Oil majors will spend US$208 billion on offshore drilling and other oilfield services this year, but not all sector players are positioned to benefit from the higher spending, Bloomberg reported last week, citing Rystad Energy’s head of oilfield service research, Audun Martinsen.
Bigger oilfield service providers, unsurprisingly, would have a better chance at making the most of the recovery in offshore drilling, especially those with expertise in deepwater projects, according to Martinsen, among them UK-based TechnipFMC and Subsea 7.
All in all, Martinsen told Bloomberg that Big Oil will probably approve about 110 offshore projects this year, up from 96 last year and 43 in 2016. That’s also slightly more specific than what Rystad forecast for offshore oil in a December report. What the forecast suggests is that optimism remains robust despite the oil price drop in the last quarter of 2018.
Thanks to this optimism and relatively high prices, there is good news for the oilfield services sector, too. “The offshore service market is like a super tanker: It takes time to accelerate. The uptick in new projects in 2017, 2018 and now 2019 will be enough to turn revenue growth positive to mid-single digits as offshore capex is set to increase due to the recent years of capital commitments. And on top of that comes expected increase in operating expenses,” Martinsen said in the December report.
The industry itself is cautious about the immediate future. “With oil prices trading below $60/bbl, there continues to be some uncertainty on 2019 E&P spending, particularly offshore,” according to the chief executive of a Norwegian oilfield surveyor firm TGS Nopec Geophysical, as quoted by Bloomberg. Related: China’s Slowing Economic Growth Could Wreak Havoc On Oil Markets
What’s more, there is still surplus offshore drilling and exploration capacity. One Wood Mackenzie analyst told Bloomberg that despite a moderate increase in demand for drilling vessels this year, some 30 percent of deepwater rigs may remain idled this year. That’s 5 percentage points down from the number of rigs idled in 2018, but still quite a lot of capacity.
Judging by these expectations and projections, the recovery of the oilfield services sector will continue at a rate much slower than the exploration and production industry. Companies with greater exposure to the Middle East would benefit from the rise in offshore investment there, with Rystad expecting 30 percent of all new projects to be approved this year to be in this region, with another 25 percent in South America and 15 percent in Africa and Asia combined. The remainder of new offshore projects will be in Europe and North America combined, Rystad said.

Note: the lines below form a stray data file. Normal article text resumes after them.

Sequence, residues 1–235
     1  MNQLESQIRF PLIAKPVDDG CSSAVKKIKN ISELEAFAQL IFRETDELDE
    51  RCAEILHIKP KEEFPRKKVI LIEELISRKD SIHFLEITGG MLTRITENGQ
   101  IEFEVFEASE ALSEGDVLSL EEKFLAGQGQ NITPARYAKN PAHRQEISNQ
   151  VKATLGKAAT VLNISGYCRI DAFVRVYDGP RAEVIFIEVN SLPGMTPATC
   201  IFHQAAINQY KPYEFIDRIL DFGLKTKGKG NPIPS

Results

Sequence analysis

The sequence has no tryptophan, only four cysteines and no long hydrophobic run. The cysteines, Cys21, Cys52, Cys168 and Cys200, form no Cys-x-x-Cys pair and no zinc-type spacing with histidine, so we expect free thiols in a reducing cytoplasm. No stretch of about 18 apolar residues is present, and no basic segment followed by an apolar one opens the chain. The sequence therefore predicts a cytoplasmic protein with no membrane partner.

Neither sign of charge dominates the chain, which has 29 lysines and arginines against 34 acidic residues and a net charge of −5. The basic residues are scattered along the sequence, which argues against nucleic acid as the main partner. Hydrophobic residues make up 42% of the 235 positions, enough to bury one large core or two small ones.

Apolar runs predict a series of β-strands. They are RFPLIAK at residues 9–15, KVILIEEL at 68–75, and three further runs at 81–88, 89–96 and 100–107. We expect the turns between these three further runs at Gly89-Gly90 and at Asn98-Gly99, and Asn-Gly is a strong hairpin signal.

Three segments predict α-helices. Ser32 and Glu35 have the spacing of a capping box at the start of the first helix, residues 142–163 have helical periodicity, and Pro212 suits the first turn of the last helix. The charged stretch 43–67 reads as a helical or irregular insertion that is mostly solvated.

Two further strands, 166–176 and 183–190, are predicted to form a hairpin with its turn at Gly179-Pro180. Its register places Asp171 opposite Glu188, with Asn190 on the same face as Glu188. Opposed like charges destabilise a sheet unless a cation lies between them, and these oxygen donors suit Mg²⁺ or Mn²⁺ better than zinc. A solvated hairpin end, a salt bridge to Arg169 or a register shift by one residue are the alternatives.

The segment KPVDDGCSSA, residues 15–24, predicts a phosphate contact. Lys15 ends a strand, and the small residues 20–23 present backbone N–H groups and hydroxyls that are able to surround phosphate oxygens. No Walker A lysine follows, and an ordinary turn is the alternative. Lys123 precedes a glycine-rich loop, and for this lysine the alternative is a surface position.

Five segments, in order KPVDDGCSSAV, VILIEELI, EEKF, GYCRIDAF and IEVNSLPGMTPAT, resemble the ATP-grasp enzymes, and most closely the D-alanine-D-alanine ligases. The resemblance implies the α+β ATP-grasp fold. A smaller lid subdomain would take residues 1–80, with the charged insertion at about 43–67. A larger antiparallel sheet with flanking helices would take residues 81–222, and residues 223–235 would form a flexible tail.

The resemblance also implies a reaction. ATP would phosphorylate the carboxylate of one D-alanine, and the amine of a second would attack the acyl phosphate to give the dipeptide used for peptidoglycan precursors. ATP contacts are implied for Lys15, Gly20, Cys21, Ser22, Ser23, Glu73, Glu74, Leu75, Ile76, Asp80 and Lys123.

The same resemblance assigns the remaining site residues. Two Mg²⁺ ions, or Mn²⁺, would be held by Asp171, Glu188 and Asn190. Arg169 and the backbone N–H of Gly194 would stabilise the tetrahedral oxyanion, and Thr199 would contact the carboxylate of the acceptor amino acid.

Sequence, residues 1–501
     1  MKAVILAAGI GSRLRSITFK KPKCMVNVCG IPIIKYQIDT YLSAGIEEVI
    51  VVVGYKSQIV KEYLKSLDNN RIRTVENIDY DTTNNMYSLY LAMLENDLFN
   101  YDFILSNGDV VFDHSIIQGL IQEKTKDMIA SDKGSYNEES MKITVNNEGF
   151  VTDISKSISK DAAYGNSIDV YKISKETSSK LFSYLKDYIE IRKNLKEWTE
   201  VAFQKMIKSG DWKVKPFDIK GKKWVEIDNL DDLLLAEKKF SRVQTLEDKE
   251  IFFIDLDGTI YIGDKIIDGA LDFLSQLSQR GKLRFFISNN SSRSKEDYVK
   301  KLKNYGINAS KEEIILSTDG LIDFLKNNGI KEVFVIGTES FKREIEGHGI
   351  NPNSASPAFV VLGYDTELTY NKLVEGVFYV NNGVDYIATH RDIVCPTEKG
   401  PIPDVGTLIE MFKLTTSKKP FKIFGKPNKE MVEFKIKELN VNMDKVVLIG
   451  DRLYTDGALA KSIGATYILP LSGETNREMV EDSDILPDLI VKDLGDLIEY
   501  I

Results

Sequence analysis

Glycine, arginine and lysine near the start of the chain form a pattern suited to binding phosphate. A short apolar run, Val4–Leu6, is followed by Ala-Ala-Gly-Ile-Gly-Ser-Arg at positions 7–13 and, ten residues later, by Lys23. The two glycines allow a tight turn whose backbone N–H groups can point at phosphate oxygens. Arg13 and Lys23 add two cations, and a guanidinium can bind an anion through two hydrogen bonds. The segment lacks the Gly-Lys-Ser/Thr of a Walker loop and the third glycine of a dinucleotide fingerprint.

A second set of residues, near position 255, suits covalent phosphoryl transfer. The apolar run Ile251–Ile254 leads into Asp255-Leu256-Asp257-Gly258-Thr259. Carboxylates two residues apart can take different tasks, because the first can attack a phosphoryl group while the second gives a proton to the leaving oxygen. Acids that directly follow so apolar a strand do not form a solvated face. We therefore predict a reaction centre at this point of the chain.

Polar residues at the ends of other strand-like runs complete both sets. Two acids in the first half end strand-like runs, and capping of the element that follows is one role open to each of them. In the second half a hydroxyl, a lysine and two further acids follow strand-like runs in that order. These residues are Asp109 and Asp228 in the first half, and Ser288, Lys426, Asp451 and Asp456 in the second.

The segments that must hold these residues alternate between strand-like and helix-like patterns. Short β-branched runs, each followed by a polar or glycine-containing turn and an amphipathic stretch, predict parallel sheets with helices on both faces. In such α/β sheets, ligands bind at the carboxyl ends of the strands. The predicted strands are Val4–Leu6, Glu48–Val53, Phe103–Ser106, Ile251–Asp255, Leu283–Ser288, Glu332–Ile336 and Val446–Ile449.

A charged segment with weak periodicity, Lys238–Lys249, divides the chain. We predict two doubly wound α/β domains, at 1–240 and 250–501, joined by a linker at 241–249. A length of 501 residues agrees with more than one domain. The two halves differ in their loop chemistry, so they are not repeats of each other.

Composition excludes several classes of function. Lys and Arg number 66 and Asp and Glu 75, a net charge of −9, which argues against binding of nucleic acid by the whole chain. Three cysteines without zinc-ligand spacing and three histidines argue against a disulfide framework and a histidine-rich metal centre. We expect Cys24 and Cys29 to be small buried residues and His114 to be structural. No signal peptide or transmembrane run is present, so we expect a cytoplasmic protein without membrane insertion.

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That should be good news for oilfield service providers focused on the United States, but a Reuters report from December has suggested they are facing challenges as well. U.S. oil producers, the report said, are still trying to do more with less, which has affected negatively oilfield service providers’ bottom lines despite the stable increase in production. Fewer frack crews and fewer rigs are in the plans of several companies for this year--what’s more, they are unwilling to pay more for the crews, rigs, and other equipment they plan to use this year. And, not to put too fine a point on it, offshore drilling in the U.S. is even slower to recover than elsewhere.
These trends suggest growing consolidation in a sector already pummeled by the 2014 oil price crisis. Apparently, the recovery we saw a couple of years back when oil prices started climbing and producers--chiefly in the United States--started boosting production again, was temporary, or at least uneven.
By Irina Slav for Oilprice.com
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